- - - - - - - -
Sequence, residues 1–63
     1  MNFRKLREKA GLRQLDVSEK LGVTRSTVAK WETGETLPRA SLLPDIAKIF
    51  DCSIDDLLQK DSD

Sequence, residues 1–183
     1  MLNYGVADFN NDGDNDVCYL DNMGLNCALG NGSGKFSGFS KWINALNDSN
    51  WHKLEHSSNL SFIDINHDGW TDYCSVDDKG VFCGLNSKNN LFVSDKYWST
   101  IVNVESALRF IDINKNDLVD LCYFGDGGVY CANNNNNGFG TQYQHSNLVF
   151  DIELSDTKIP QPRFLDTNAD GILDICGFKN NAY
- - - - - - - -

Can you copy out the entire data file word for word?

Sequence, residues 1–63
     1  MNFRKLREKA GLRQLDVSEK LGVTRSTVAK WETGETLPRA SLLPDIAKIF
    51  DCSIDDLLQK DSD

Sequence, residues 1–183
     1  MLNYGVADFN NDGDNDVCYL DNMGLNCALG NGSGKFSGFS KWINALNDSN
    51  WHKLEHSSNL SFIDINHDGW TDYCSVDDKG VFCGLNSKNN LFVSDKYWST
   101  IVNVESALRF IDINKNDLVD LCYFGDGGVY CANNNNNGFG TQYQHSNLVF
   151  DIELSDTKIP QPRFLDTNAD GILDICGFKN NAY